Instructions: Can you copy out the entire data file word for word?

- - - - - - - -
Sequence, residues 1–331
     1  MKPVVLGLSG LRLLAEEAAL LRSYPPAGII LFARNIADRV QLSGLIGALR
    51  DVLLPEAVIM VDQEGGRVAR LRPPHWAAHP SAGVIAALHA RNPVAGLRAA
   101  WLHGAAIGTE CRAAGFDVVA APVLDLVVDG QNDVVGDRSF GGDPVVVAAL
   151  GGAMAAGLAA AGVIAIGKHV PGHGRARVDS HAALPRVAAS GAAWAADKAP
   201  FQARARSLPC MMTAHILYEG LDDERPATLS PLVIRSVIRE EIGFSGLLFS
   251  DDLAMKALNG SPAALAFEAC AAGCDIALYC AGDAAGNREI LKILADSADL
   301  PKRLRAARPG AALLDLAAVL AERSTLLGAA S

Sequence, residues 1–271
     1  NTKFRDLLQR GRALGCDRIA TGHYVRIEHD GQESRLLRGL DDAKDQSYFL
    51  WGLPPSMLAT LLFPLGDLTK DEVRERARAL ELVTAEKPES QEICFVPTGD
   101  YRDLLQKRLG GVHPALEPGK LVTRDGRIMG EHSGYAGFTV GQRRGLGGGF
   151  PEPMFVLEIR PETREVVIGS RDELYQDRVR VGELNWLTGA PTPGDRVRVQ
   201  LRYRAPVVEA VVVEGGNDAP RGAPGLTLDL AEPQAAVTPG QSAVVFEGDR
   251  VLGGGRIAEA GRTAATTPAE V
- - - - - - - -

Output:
Sequence, residues 1–331
     1  MKPVVLGLSG LRLLAEEAAL LRSYPPAGII LFARNIADRV QLSGLIGALR
    51  DVLLPEAVIM VDQEGGRVAR LRPPHWAAHP SAGVIAALHA RNPVAGLRAA
   101  WLHGAAIGTE CRAAGFDVVA APVLDLVVDG QNDVVGDRSF GGDPVVVAAL
   151  GGAMAAGLAA AGVIAIGKHV PGHGRARVDS HAALPRVAAS GAAWAADKAP
   201  FQARARSLPC MMTAHILYEG LDDERPATLS PLVIRSVIRE EIGFSGLLFS
   251  DDLAMKALNG SPAALAFEAC AAGCDIALYC AGDAAGNREI LKILADSADL
   301  PKRLRAARPG AALLDLAAVL AERSTLLGAA S

Sequence, residues 1–271
     1  NTKFRDLLQR GRALGCDRIA TGHYVRIEHD GQESRLLRGL DDAKDQSYFL
    51  WGLPPSMLAT LLFPLGDLTK DEVRERARAL ELVTAEKPES QEICFVPTGD
   101  YRDLLQKRLG GVHPALEPGK LVTRDGRIMG EHSGYAGFTV GQRRGLGGGF
   151  PEPMFVLEIR PETREVVIGS RDELYQDRVR VGELNWLTGA PTPGDRVRVQ
   201  LRYRAPVVEA VVVEGGNDAP RGAPGLTLDL AEPQAAVTPG QSAVVFEGDR
   251  VLGGGRIAEA GRTAATTPAE V